St. Luke's has gone one step further and fostered an infectious disease pharmacist. "That's a pharmacist who takes an additional internship to specialize in infectious diseases," McEnrue explained. "When a patient is placed on antibiotics, they do antimicrobial stewardship and review to be sure it's the right antibiotic, used properly."
Six Things to Remember
"There isn't one single weapon that works best against C. diff, but, according to the CDC, there are six things you can do to prevent the infection," Garrett told ADVANCE:
• Prescribe and use antibiotics appropriately.
• Immediately test patients admitted to LTC with active diarrhea or who develop diarrhea.
• Isolate infected residents, usually in a private room.
• Wear gloves and gown and practice contact precautions when treating affected residents.
• Keep surfaces clean with bleach or another EPA-approved, spore-killing disinfectant after a patient with C. diff has been treated there.
• If transferring a patient with C. diff, ensure whoever is assuming care knows the patient has the infection.
Education is another weapon against the bacteria, explained Bach, who said at any given time 9 percent of residents at Moravian Village have C. diff that is mostly community-acquired. "An ongoing part of the process of fighting C. diff is family teaching," he said. "We demonstrate the proper PPE to use; explain contact precautions; why they should wear a gown and gloves at certain times in the course of the illness."
That education includes instructing families on how to care for family members who have C. diff, McEnrue said. "By the time a patient with C. diff is released from the hospital, the chance of passing on the spores has decreased," she said. "However, we still caution families to designate a bathroom to be used only by the affected person."
Then there is what Bach describes as the nursing strategies. "Maximizing hydration, nutritional and general care levels are needed to help improve recovery," said Bach, who pointed out that since Moravian Village is a skilled nursing facility, many of its residents are admitted for short-term care and rehabilitation, with an average length of stay of 25 days or less.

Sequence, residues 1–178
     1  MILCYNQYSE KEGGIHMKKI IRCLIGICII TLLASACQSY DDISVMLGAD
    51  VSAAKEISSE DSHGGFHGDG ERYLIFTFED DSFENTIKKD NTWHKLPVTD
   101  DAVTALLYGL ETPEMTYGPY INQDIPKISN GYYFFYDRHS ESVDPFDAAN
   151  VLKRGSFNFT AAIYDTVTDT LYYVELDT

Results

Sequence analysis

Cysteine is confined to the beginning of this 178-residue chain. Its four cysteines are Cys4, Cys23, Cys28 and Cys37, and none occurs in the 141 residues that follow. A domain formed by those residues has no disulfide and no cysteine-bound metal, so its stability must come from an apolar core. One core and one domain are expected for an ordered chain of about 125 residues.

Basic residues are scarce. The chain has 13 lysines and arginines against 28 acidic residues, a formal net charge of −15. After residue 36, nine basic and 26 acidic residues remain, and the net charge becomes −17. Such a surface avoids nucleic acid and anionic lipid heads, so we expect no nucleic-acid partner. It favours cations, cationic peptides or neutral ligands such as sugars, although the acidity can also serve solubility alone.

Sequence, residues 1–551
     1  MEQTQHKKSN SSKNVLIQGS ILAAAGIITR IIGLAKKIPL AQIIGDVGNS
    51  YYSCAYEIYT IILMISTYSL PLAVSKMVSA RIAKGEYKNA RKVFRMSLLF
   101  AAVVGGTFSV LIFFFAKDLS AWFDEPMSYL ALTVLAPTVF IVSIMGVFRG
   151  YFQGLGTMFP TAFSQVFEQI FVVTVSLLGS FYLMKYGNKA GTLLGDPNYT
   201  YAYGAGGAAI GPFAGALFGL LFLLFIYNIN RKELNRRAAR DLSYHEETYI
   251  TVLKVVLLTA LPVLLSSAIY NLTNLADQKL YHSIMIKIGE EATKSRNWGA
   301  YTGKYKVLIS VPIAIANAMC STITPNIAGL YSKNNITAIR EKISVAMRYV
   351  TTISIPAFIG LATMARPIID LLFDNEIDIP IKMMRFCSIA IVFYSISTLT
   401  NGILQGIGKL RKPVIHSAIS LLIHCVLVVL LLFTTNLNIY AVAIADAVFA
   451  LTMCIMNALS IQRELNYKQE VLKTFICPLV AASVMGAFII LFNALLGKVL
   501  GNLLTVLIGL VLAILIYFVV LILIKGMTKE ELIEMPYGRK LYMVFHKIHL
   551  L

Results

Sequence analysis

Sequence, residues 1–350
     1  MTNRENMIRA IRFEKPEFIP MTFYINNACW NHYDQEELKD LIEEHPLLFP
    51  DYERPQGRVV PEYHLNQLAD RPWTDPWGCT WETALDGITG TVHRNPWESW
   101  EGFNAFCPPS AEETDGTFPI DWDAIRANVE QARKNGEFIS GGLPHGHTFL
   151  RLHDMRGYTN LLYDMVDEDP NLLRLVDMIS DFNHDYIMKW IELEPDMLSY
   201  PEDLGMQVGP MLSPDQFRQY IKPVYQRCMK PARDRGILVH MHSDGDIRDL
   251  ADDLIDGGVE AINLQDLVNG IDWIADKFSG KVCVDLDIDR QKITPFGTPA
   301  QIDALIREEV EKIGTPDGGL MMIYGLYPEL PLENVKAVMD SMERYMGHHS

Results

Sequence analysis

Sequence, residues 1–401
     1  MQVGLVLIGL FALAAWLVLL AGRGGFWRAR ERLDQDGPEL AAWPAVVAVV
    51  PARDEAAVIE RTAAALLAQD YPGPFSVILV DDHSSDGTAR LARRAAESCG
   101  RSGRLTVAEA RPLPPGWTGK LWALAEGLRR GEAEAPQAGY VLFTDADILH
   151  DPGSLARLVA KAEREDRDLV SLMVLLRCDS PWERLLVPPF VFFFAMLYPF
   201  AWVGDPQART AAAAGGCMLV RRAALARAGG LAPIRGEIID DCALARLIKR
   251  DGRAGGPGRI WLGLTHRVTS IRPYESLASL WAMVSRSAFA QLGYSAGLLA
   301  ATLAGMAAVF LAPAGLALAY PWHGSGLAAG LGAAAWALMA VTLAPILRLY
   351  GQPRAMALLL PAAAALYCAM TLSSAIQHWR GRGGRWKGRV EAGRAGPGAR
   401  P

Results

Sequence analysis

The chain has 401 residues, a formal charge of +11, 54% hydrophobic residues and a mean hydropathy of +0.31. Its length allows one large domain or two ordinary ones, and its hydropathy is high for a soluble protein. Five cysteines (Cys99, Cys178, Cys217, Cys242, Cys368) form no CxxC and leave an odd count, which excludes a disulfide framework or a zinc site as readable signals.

Incidence and mortality from C. diff are such grave problems, several new therapies have emerged. One is the use of probiotics - lactobacillus acidophilus milk products such as yogurt - that are live microorganisms thought to be beneficial to the host digestive system. Probiotics promote the growth of good bacteria in the gut, thus mitigating the problems caused by antibiotics. "We use probiotics where physicians permit it and nurses recommend it," Bach said.
Another new therapy is fecal transplantation, "taking feces from a healthy relative and transplanting it into a resident who has C. diff to replace the contaminated flora," Garrett explained. This medical therapy has tremendous promise.
According to Jonathan Eisen, an evolutionary biologist at the University of California at Davis, "rather than deliver a couple of probiotic microbes through the mouth, they are delivering a community of probiotics, a community of microbes from healthy donors, through the other end. This has turned out to be very effective in fighting certain intransigent infectious diseases like C. diff infections that can stay with people for years, and has actually been shown to cure systemic C. diff infections in people."2
With the havoc C. diff spores can cause, to say nothing of its rapidly mutating strains, fecal transplants don't sound like such a drastic therapy.
References for this article can be accessed at www.advanceweb.com/Nurses. Click on Resources, then References.
Gail O. Guterl is a frequent contributor to ADVANCE.